Microsoft releases critical patches, improves IE security

This June Patch Tuesday we have a slightly smaller patch load from Microsoft, taking us back to more historic average releases of eight bulletins. We have just two critical patches to deal with and six important. While this is good news for those that have their sights set on some summer vacation, this release also makes us wonder how many more of these Patch Tuesday cycles will we have?

Before diving into that, let’s take a look at the job at hand this month, starting with Microsoft. MS15-056 is a critical cumulative update for Internet Explorer addressing 24 CVEs. If you’re using IE, patch it now, please. We see a patch every month for this popular browser for a reason. The bad guys love to exploit it along with all of the other popular browsers like Firefox and Chrome, and in too many instances, they are successful. This month, attackers could force a remote code execution and gain the same rights as the affected user.

Second on your list of priorities should be MS15-059. Although rated as important, it impacts all shipping desktop versions of Microsoft Office. This bulletin addresses three vulnerabilities in Office which an attacker can use for remote code execution.

There are other Microsoft bulletins to deal with – including critical MS15-057 that impacts Windows Media Player and grants full user rights to the attacker when a malicious file is played – but you’ll also need to prioritize a vulnerability in Adobe Flash. APSB15-11 is the eighth update of Flash Player this year and updates 13 vulnerabilities that span across Windows and Mac desktops.

Microsoft has announced the release of Windows 10 as July 29, 2015. For a year, this upgrade will be available for free and will continue for the lifetime of any device you install it on – your PC, tablet, or phone. In other words, Windows 10 is reportedly the last splashy OS release we will see.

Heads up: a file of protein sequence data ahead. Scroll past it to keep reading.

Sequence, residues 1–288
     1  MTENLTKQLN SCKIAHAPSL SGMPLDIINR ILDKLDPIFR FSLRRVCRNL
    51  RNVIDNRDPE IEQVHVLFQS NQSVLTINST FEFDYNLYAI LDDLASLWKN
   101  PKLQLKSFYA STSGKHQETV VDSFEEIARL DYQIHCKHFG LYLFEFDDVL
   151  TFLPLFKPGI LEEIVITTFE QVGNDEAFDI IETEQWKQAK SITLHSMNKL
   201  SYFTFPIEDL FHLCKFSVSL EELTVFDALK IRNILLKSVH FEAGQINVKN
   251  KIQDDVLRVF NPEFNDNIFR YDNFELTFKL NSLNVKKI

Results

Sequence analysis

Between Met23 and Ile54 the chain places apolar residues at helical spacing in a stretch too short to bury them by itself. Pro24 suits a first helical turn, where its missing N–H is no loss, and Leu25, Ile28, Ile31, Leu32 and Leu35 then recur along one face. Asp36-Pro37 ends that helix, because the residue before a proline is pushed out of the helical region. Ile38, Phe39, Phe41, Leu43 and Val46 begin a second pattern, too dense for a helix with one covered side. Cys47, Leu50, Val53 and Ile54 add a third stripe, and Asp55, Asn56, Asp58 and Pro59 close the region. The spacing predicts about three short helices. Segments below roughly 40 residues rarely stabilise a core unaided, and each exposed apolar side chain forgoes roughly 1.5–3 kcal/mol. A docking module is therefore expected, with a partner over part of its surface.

From there, Microsoft says they will continually update your OS with new features and security updates without the fanfare of a new OS version number, without the costly endeavor of testing code and holding on to it until a pre-selected release date. In time, this should result in a simpler, safer computing experience. Until then, we have to deal with a transition of the massive install base of Windows 7 machines to this new Windows as a service.

So what about Patch Tuesday? The release of Windows 10 will change how you push security updates too, maybe. Microsoft has been clear as mud on this process question, to be honest.

As described in a Microsoft FAQ, licensed Home users will see updates pushed automatically, as they are ready. This process should get the millions of home machines using Windows updated faster, and that’s a good thing, but what about the patches that fail? Are Home users the unfortunate testing ground? Only time will tell. And while enterprise users will have more choice on when to push updates, how that gets done has not yet been precisely defined.

In reviewing this month’s patch load from Microsoft, we see plenty of legacy software in need of updating. Another thing the new Windows Update for Business does not make clear is how will these systems be updated? Will organizations who choose to remain on older systems receive updates on the typical Patch Tuesday cycle? It isn’t clear yet but one thing remains true. If you can update, you should. Remember, Windows Server 2003 reaches end of life next month. Hopefully you are working your migration plan.

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